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FACC DOL Rule Press Release-Supplemental Brief Motion

FACC at the same time is strongly objecting to DOL’s new rule proposal as inherently incompatible with ERISA as spelled out by the Fifth Circuit decision. “FACC will have no choice but to ask the courts yet again to intervene if the DOL dares to move forward with this proposal which is nothing more than a rehash of the 2016 fiduciary rule and ignores the clear dictates of the Fifth Circuit decision,” said O’Brien. “It is surprising to us that the Department of Labor thinks it can propose such a regulation that ignores all the relevant litigation” continued O’Brien. “The Fifth Circuit was clear that regular salespersons are not fiduciaries and said it was ordinarily inconceivable that one-time rollovers would turn agents into fiduciaries but this proposed rule blows right by those concerns.” O’Brien added, “we feel there is no way this new rule would survive a legal challenge” and expressed hope that other trade groups would join FACC in fighting the proposal in court as necessary.

Dallas, Texas – November 9, 2023 – The trade association suing the Department of Labor over its current guidance on who is considered a fiduciary was given the go-ahead last week to brief the Texas federal court on the DOL’s newly proposed fiduciary rule.

The Federation of Americans for Consumer Choice, or FACC, contends its lawsuit is “more important than ever” even though DOL last week came out with a newly proposed rules package defining who is a fiduciary and modifying various prohibited transaction exemptions. “We think the new rule proposal just proves that DOL will not give up on trying to turn everyday insurance agents into fiduciaries contrary to the clear holding of the Fifth Circuit decision in the Chamber case,” said Kim O’Brien, the organization’s CEO.

O’Brien explained that FACC believes the DOL’s 2016 rule struck down by the Fifth Circuit, the DOL’s guidance provided in the PTE 2020-02 preamble reinterpreting the five-part test, and the DOL’s latest rules package are all “cut from the same cloth,” each trying to broaden the definition of fiduciary to sweep in insurance agents and securities brokers. O’Brien quipped, “as Yogi Berra would say it’s déjà vu all over again,” adding that FACC believes the threshold issue for the industry is and remains the definition of fiduciary.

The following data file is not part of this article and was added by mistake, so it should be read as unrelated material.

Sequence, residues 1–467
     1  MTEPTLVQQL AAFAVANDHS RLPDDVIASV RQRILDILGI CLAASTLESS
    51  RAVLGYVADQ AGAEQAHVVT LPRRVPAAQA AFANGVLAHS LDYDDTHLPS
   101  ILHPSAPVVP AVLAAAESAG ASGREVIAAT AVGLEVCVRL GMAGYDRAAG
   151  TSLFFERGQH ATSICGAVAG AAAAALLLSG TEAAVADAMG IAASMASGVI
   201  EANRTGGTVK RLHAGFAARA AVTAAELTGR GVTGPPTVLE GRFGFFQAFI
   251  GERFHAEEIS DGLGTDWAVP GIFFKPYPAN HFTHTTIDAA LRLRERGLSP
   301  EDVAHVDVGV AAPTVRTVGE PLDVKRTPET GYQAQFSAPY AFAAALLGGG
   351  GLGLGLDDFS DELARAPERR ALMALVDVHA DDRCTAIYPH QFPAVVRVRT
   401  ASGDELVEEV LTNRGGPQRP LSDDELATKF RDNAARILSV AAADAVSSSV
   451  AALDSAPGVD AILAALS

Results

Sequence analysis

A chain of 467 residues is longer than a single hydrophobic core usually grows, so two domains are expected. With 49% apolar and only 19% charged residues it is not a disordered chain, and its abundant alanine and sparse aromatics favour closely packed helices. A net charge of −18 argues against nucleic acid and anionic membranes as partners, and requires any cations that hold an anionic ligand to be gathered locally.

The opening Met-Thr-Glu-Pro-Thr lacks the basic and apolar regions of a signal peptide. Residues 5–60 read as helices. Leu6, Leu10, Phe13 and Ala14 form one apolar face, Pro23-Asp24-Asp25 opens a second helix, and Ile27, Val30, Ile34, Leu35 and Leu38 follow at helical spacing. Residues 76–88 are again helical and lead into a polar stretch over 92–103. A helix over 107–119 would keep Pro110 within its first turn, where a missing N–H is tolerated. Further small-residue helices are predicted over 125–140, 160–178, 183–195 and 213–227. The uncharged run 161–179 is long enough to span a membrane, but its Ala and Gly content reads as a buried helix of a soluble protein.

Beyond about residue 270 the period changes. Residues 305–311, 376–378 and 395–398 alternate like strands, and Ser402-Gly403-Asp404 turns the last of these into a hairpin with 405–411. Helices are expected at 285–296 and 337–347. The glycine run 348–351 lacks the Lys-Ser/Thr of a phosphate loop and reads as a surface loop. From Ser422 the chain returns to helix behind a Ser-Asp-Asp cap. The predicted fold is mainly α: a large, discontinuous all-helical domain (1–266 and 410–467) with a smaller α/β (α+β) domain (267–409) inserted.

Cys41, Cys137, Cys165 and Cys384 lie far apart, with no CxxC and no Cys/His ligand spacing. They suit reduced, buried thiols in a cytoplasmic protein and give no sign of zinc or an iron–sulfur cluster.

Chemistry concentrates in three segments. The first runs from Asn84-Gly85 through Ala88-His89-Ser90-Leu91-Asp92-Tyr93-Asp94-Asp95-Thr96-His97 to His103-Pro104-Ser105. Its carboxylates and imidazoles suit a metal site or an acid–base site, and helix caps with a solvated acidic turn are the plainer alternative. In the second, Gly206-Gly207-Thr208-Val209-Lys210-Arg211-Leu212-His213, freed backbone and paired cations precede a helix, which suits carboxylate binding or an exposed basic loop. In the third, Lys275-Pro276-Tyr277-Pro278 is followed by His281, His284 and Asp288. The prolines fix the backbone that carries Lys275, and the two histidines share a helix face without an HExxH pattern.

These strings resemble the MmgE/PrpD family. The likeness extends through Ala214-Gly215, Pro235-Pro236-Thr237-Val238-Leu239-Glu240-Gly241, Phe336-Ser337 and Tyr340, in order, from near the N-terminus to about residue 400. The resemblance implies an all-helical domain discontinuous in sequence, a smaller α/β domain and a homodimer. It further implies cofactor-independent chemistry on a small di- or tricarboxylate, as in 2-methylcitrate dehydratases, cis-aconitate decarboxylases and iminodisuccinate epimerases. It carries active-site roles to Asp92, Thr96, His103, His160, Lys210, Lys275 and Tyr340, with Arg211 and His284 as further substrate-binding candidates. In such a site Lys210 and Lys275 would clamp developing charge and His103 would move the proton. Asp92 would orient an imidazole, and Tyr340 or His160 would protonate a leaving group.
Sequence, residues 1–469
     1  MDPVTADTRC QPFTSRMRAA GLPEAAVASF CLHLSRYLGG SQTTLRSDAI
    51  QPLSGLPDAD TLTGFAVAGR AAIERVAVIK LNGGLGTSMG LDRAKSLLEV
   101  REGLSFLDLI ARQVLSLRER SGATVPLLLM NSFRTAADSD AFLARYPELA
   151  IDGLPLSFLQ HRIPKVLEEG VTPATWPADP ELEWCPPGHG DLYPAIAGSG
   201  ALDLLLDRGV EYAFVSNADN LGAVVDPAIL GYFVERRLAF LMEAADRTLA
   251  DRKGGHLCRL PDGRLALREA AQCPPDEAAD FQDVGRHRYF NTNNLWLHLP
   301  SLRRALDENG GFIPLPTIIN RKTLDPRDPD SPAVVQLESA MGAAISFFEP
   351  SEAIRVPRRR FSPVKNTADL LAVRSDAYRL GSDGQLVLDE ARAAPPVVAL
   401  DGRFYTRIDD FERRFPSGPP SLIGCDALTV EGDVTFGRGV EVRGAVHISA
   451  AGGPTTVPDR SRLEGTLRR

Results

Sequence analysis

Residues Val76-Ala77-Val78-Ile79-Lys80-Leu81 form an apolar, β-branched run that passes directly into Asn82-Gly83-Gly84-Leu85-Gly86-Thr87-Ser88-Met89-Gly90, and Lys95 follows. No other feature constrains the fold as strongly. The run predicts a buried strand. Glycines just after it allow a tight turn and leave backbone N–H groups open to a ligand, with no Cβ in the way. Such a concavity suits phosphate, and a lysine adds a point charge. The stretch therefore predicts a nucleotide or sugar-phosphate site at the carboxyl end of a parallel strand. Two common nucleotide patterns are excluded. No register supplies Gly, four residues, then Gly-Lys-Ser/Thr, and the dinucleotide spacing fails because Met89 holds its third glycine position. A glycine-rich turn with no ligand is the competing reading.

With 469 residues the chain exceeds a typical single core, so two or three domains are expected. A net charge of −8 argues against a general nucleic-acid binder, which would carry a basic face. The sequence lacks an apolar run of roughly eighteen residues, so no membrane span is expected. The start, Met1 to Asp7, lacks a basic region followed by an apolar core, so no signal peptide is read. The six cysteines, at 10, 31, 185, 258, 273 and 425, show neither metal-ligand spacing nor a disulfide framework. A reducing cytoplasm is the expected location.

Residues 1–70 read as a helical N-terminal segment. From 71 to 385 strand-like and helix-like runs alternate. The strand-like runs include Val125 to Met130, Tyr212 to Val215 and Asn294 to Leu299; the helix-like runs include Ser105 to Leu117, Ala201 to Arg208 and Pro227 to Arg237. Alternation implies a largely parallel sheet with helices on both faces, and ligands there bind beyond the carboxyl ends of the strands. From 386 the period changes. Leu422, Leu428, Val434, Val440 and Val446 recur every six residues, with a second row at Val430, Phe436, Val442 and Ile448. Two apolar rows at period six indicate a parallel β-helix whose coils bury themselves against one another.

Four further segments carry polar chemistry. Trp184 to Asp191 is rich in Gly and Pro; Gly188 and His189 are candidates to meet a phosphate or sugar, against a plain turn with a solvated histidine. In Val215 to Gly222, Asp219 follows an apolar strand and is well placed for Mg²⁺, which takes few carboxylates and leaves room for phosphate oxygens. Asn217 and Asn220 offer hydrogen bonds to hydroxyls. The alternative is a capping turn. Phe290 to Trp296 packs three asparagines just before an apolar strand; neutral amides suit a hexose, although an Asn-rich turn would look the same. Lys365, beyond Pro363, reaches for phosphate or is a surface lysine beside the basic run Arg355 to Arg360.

FACC’s written request for additional briefing states “the new proposal makes explicit what Plaintiffs have said from the outset of this case” which is that the DOL’s purpose and intent—from the time of the 2016 Fiduciary Rule, through the New Interpretation of the five-part test, and now with the latest rule proposal—is to treat every financial professional who sells an investment product to a retirement investor as a fiduciary. FACC contends the new rules provide further context that belie DOL attempts to downplay the intent and meaning of the 2020 reinterpretation.

FACC’s request for additional briefing also contends the latest DOL rule proposal is relevant to other lawsuit issues. FACC contends the overhaul of PTE 84-24 undermines DOL assurances in prior briefing on the availability of a more accommodating class exemption for insurance agents. FACC also contends President Joe Biden’s visible public support for the new rule bolsters its case for invoking the major question doctrine under which less deference would be given to the DOL’s interpretation of ERISA.

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FACC at the same time is strongly objecting to DOL’s new rule proposal as inherently incompatible with ERISA as spelled out by the Fifth Circuit decision. “FACC will have no choice but to ask the courts yet again to intervene if the DOL dares to move forward with this proposal which is nothing more than a rehash of the 2016 fiduciary rule and ignores the clear dictates of the Fifth Circuit decision,” said O’Brien.

“It is surprising to us that the Department of Labor thinks it can propose such a regulation that ignores all the relevant litigation” continued O’Brien. “The Fifth Circuit was clear that regular salespersons are not fiduciaries and said it was ordinarily inconceivable that one-time rollovers would turn agents into fiduciaries but this proposed rule blows right by those concerns.” O’Brien added, “we feel there is no way this new rule would survive a legal challenge” and expressed hope that other trade groups would join FACC in fighting the proposal in court as necessary.

According to the order issued by presiding district court Judge Ed Kinkeade, FACC has until December 4 to file its supplemental brief explaining the relevance of the DOL’s new rule in the case, and the DOL then has until January 5 to file its reply.

Click here to access FACC’s approved Motion for Leave to File Supplemental Brief

The Federation of Americans for Consumer Choice, Inc. (FACC) is a 501(c)6 non-profit organization incorporated in the state of Texas whose members are independent marketing organizations, agencies, and agents engaged in the distribution of fixed insurance and annuity products. FACC promotes public policy recognizing the value of guaranteed insurance solutions and preserving freedom of choice for
consumers who seek products and services from independent agents representing multiple carriers and product options.
| FACC | www.FACCnow.org| 414-332-9312|

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